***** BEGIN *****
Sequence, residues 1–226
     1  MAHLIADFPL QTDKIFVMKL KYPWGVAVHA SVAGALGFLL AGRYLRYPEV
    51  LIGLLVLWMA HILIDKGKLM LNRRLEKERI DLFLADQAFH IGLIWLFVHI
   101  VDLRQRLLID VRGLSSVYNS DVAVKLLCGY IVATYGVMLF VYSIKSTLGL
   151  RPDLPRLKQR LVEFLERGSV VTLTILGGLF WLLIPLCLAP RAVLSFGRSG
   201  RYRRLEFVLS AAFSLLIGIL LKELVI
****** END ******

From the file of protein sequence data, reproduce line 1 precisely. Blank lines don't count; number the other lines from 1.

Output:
Sequence, residues 1–226